André, the shoe specialist, marched forward with great strides for more than a century. Nevertheless, it was the first French company to be stopped in its tracks by Covid 19.
Will André be the first French company to fall victim to the coronavirus pandemic? Part of the Spartoo group, André files for bankruptcy in March 2020. It has not yet been liquidated, but its chances of escaping that fate seem slim. At stake: 150 stores and 600 jobs. And a brand with more than 100 years of history.
A giant’s first steps
1896: André is born in Nancy. Albert Lévy, a young Alsatian entrepreneur, acquires a local shoe-manufacturing enterprise and forms a partnership with Jérôme Lévy, a solicitor in Toul (to whom he is not related, even though they share the same last name). Shoemaking is still a small-scale craft, but Albert, inspired by Taylorism, has some new ideas. He wants to control the whole production chain, all the way to sales in stores. The company opens its first shops in Paris in 1903. Two stores, on Boulevard Barbès and Avenue de Saint-Ouen, bear the name of their former owner, André. The brand has found its name. The André group flourishes: 12 stores in 1906, 117 in 1930. Not to mention tanneries, workshops for stitching, factories producing wooden and rubber heels…. The guiding principle? Provide shoes for the whole family at low prices. In the shops, each usually run by a couple, there are no shoes on display. Boxes are piled up in the windows and customers ask for advice.
|The Alsatian Albert Lévy acquires a shoe factory in Nancy, aiming to become the “Taylor” of the shoe business. Seven years later, he opens his first store in Paris with the name… “Mathieu”.||Now partnering with Jérôme Lévy, he acquires two shops in Paris named “André” (for their former owner). The concept: a choice of shoes at affordable prices.||The brand has 57 stores, more than half of them in Paris, but the war stalls its growth. When the war ends, Alfred sets up his headquarters in Paris on the Rue de Flandre.||“Le chausseur sachant chausser” (“The shoemaker who fits shoes”), a slogan created by Marcel Bleustein-Blanchet, helps boost sales through the roof. André becomes France’s number one shoe brand, a step ahead of Bata..|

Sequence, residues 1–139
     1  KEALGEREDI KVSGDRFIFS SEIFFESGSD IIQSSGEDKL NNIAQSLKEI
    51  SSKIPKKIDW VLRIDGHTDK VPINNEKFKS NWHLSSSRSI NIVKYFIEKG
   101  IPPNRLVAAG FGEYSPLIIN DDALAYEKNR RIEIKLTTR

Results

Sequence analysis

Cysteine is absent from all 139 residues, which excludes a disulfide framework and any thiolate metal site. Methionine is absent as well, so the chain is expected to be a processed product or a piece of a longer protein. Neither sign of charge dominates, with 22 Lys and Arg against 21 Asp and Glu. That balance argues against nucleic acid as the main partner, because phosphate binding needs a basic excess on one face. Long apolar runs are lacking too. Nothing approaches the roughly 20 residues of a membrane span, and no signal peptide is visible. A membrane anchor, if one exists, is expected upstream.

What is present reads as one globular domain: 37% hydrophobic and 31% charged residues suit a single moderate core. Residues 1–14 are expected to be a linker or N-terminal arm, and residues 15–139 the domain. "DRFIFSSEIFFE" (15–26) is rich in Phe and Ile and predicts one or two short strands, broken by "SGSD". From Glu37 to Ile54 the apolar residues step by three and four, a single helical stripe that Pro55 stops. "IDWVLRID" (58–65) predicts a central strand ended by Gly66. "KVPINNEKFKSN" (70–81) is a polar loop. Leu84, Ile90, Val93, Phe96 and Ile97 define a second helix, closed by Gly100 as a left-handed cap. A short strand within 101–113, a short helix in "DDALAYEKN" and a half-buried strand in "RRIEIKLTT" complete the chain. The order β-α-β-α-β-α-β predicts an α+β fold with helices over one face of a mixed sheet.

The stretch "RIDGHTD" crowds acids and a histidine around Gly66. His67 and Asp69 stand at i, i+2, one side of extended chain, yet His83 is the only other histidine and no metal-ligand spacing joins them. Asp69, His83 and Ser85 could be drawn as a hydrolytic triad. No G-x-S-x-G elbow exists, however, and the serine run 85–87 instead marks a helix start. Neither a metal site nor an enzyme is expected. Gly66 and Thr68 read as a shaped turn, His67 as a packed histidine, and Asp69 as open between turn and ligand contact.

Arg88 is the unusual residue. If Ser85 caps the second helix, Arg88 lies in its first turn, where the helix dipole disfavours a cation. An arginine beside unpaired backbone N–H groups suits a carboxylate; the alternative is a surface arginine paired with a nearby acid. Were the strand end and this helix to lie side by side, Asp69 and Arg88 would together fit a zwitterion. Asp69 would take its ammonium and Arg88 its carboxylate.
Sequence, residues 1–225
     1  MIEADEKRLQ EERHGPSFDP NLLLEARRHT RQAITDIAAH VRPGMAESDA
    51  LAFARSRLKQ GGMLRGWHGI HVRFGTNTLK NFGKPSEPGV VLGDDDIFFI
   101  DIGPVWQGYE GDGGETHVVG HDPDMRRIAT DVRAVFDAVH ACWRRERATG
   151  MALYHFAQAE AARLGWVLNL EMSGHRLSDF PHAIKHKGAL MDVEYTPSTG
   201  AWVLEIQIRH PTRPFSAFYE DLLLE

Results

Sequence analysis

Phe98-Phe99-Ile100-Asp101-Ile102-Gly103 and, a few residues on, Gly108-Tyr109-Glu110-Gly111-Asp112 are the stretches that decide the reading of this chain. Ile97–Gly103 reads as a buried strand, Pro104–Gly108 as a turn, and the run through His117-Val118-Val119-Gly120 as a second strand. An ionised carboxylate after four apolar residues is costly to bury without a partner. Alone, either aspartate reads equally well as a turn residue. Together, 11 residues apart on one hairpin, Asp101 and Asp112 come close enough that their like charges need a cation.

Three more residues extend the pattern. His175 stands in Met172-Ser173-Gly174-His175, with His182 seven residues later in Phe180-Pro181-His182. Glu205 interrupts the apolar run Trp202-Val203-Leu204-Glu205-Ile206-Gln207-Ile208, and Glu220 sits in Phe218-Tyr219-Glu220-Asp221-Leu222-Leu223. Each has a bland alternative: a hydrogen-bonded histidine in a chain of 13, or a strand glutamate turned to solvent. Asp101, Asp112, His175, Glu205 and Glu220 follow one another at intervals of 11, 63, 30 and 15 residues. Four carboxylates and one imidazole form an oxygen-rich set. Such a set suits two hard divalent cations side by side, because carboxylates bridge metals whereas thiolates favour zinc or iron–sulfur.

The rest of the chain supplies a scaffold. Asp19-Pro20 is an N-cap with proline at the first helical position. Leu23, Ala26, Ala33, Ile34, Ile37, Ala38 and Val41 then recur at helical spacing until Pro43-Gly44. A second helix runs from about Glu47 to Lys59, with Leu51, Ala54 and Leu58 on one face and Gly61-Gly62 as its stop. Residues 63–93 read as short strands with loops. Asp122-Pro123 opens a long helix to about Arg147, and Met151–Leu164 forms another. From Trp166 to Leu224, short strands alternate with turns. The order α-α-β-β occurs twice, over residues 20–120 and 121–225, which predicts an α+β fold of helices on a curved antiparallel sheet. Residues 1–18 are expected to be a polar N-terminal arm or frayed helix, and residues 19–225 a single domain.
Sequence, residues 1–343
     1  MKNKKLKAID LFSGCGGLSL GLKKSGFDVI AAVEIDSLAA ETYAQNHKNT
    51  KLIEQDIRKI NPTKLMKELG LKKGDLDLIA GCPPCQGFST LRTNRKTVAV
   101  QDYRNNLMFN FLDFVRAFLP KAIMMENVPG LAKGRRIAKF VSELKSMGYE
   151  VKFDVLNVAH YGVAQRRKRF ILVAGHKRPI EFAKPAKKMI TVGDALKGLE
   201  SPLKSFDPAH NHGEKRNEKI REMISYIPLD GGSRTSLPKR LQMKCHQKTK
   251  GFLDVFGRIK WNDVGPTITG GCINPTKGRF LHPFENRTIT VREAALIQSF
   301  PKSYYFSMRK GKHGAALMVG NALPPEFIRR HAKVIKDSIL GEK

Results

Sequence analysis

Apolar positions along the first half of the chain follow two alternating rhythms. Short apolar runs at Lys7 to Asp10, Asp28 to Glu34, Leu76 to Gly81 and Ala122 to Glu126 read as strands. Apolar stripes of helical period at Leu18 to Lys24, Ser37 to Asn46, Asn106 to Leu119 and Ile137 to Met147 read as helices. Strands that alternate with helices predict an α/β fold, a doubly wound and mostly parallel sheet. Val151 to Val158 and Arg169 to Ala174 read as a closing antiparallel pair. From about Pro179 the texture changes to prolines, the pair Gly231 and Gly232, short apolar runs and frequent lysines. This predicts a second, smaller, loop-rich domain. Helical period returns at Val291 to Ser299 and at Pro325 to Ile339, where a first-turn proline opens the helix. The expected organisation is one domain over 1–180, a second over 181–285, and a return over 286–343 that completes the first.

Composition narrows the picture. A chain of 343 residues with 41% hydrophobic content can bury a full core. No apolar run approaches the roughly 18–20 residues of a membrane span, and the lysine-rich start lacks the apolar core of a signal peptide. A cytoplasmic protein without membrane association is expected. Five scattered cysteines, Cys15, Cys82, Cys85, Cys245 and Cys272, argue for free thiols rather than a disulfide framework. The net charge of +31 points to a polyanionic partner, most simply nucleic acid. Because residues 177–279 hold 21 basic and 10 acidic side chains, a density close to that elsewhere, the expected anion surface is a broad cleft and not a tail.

In 1927, Marcel Bleustein-Blanchet, convinced that advertising is going to revolutionize the economy, launches Publicis and starts looking for his first clients. He meets Albert. “Advertise? What’s the point of that?”, Albert Levy responds. Bleustein-Blanchet stands his ground and gets the job with his tongue-twister slogan “Le chausseur sachant chausser” (“The shoemaker who fits shoes”). André’s sales double and the company dominates the French shoe market … until war breaks out. Since its owners are Jewish, André is at risk, but it survives the war and enters a new golden age at the beginning of the “Glorious 30s” (the 30-year post-war boom). The brand even opens a store on the Champs-Élysées.
The empire loses its footing